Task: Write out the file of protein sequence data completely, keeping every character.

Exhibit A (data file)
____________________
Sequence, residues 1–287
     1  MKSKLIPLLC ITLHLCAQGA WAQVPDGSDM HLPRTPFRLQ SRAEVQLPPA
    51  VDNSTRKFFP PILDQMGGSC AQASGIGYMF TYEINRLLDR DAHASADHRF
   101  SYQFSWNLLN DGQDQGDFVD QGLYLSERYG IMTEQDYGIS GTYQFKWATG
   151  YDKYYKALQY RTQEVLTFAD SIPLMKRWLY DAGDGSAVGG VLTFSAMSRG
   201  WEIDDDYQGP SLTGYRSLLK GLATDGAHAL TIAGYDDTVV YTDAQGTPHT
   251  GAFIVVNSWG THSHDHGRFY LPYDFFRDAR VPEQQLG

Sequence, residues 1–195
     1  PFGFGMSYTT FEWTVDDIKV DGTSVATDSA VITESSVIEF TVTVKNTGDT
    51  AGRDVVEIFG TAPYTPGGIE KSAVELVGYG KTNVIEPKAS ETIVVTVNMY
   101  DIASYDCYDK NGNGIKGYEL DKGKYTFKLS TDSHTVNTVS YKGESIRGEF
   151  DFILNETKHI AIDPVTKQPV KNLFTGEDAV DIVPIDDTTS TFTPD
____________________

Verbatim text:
Sequence, residues 1–287
     1  MKSKLIPLLC ITLHLCAQGA WAQVPDGSDM HLPRTPFRLQ SRAEVQLPPA
    51  VDNSTRKFFP PILDQMGGSC AQASGIGYMF TYEINRLLDR DAHASADHRF
   101  SYQFSWNLLN DGQDQGDFVD QGLYLSERYG IMTEQDYGIS GTYQFKWATG
   151  YDKYYKALQY RTQEVLTFAD SIPLMKRWLY DAGDGSAVGG VLTFSAMSRG
   201  WEIDDDYQGP SLTGYRSLLK GLATDGAHAL TIAGYDDTVV YTDAQGTPHT
   251  GAFIVVNSWG THSHDHGRFY LPYDFFRDAR VPEQQLG

Sequence, residues 1–195
     1  PFGFGMSYTT FEWTVDDIKV DGTSVATDSA VITESSVIEF TVTVKNTGDT
    51  AGRDVVEIFG TAPYTPGGIE KSAVELVGYG KTNVIEPKAS ETIVVTVNMY
   101  DIASYDCYDK NGNGIKGYEL DKGKYTFKLS TDSHTVNTVS YKGESIRGEF
   151  DFILNETKHI AIDPVTKQPV KNLFTGEDAV DIVPIDDTTS TFTPD